What Is Proliferative Phase Endometrium and Secretory Endometrium?

The inner lining of the uterus is called the endometrium. This mucous membrane changes throughout the woman’s menstrual cycle. It becomes a proliferative endometrium before ovulation occurs as it develops into a thick layer that is rich with blood vessels to prepare the womb for pregnancy. If fertilization does not occur, the endometrium is shed, which leads to menstrual bleeding.

What Is Proliferative Endometrium?

The layer of tissue lining of the inner side of the uterus is called the endometrium. It provides a suitable environment for the implantation of a fetus. However, if pregnancy does not occur, this lining is shed off, resulting in bleeding or menstruation. The monthly shedding of the endometrium is followed by the growth of a fresh layer that prepares an environment for implantation if an egg is fertilized.

A woman’s menstrual cycle has two phases: proliferative and secretory. The proliferative phase occurs under the influence of the hormone estrogen, which stimulates endometrial growth and thickening. During this phase, the proliferative endometrium undergoes cell multiplication and tissue growth. If ovulation occurs, the corpus luteum (yellow body) secretes a hormone called progesterone, which makes the endometrium thicker, creating an ideal environment for implantation of a fertilized egg. This is known as secretory endometrium phase.

This image shows the microscopic appearance of a normal proliferative endometrium during the menstrual cycle. This phase is variable in length. During this phase, the tubular glands, which have columnar cells, and dense stroma proliferate and thicken, following the shedding off phase from a previous menstruation.

This image shows a microscopic view of a normal secretory endometrium. There are large tortuous glands filled with secretions. This phase occurs on a 14-day course, which leads to either menstruation or implantation of a fertilized ovum.

What’s Disordered Proliferative Endometrium?

At the time of perimenopause, hormone levels fluctuate. Because of the irregularity of hormone production, endometrial growth becomes irregular, leading to irregular cycles. This is what some people call disordered proliferative endometrium, which simply implies that the growth of the lining of the uterus is not regular, nor is the lining shedding off regularly. This does not necessarily mean malignant changes are occurring.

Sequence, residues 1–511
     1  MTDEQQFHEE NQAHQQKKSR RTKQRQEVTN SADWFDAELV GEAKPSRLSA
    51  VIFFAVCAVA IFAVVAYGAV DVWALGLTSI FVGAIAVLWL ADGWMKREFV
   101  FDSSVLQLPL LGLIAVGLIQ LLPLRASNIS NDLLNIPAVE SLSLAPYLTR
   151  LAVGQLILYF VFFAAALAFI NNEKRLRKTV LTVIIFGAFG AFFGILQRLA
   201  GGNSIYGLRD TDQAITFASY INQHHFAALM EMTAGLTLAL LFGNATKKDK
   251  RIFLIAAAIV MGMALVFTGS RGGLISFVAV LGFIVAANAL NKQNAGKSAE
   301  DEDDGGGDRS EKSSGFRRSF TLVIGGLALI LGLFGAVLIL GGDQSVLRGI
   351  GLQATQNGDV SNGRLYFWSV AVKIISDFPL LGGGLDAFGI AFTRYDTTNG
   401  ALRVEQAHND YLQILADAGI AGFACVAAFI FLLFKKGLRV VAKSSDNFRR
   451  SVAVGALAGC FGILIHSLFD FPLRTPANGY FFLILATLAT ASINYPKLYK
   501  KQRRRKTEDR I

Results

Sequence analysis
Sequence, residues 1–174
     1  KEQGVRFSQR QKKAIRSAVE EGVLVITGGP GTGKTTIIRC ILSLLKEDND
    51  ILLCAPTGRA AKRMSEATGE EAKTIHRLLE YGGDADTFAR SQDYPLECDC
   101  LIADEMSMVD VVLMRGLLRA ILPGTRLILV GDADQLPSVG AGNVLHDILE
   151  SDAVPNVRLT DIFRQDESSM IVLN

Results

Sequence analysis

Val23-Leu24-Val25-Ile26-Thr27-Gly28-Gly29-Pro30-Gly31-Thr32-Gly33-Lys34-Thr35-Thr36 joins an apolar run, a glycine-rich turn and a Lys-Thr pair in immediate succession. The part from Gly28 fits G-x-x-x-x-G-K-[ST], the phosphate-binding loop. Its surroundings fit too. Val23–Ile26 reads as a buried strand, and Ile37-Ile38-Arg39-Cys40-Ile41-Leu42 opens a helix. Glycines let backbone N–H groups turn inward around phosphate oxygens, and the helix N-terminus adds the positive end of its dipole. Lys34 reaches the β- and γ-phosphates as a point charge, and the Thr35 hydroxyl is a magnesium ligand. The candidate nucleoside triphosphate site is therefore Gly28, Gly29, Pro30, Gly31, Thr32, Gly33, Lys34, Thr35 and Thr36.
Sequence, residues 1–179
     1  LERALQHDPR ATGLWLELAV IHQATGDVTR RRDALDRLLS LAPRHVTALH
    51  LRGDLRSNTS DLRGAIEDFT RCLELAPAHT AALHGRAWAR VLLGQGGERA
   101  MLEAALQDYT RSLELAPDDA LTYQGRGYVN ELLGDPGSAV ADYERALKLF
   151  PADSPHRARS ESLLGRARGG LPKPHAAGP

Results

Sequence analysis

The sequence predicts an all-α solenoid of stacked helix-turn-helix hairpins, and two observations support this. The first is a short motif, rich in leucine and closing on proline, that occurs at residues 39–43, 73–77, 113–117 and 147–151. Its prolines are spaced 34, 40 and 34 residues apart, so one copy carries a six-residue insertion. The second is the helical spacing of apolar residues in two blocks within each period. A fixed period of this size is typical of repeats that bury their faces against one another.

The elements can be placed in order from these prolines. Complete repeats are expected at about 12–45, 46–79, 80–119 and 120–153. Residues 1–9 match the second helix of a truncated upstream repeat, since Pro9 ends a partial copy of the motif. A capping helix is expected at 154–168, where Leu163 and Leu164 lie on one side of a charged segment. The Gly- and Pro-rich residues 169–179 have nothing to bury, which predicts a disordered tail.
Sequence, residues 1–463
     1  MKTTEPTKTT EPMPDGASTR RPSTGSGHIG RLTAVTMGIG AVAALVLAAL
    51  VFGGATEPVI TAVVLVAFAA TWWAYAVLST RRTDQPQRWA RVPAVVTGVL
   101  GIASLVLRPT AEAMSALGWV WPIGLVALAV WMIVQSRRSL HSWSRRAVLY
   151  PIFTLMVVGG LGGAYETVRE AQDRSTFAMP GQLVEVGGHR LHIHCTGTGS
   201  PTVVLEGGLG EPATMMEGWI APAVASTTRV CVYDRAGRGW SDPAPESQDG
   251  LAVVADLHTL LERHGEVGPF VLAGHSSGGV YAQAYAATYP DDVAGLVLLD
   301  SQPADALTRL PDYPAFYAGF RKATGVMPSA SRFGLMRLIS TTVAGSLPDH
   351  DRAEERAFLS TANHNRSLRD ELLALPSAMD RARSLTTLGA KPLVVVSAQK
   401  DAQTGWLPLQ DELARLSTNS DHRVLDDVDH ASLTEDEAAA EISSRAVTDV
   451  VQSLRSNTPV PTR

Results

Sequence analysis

Another potential cause of disordered changes in the proliferative endometrium is the use of birth control pills like Loestrin 20. This may be corrected by taking cyclical hormone therapy. If not corrected, this condition may progress to abnormal thickening of the endometrium (endometrial hyperplasia), one of the factors that increases your risk of developing endometrial cancer. However, this is rare, but it is important for you to keep hypertension, diabetes, and weight under control to avoid increasing your risk.

More About the Uterine Cycle and Endometrium Changes

The menstrual cycle involves the monthly or cyclical changes in the uterus. The uterus undergoes changes in preparation for implantation of the fertilized egg. This consists of three phases:

The Menstrual Phase

The first phase of the menstrual cycle is the menstrual phase, which is the beginning of the uterine cycle. During this phase, the thick uterine lining sheds off, causing bleeding as it separates from the uterus. This phase usually lasts from 3 to 7 days, with menstrual flow being less on the first day, increasing during the 2nd and 3rd day and gradually tapering off on the 4th to 5th days.

Menstruation occurs due to the withdrawal of hormones (estrogen and progesterone), causing the endometrium to shrink and die, thus leading to its separation from the uterus.  

The Proliferative Phase

After menstruation, proliferative changes occur during a period of tissue regeneration. The endometrium repairs itself and it becomes thicker.New blood vessels develop and the endometrial glands become bigger in size. The stromal cells are arranged in a compact manner. At the end of this stage, around the 14th day, the proliferative endometrium is about 2-3 mm thick.

The Secretory Phase

The secretory phase begins soon after ovulation. Progesterone production is increased and the glands increase in size as they become secretory. Initially, secretions collect in the glandular cells, but by the 19th - 22nd day, secretions are pushed out of these cells and into the endometrial cavity. The secretion consists of fructose, glucose and glycogen. It is meant to supply nutrition to the fertilized ovum in the uterus.

If there is no fertilized ovum, endometrial growth stops. The lining starts to shrink and die, resulting in bleeding and shedding. This signals the beginning of another menstrual cycle. Below is a video with detailed explanation of the menstrual cycles, the hormones in play in different stages, as well as what happens in each stage:

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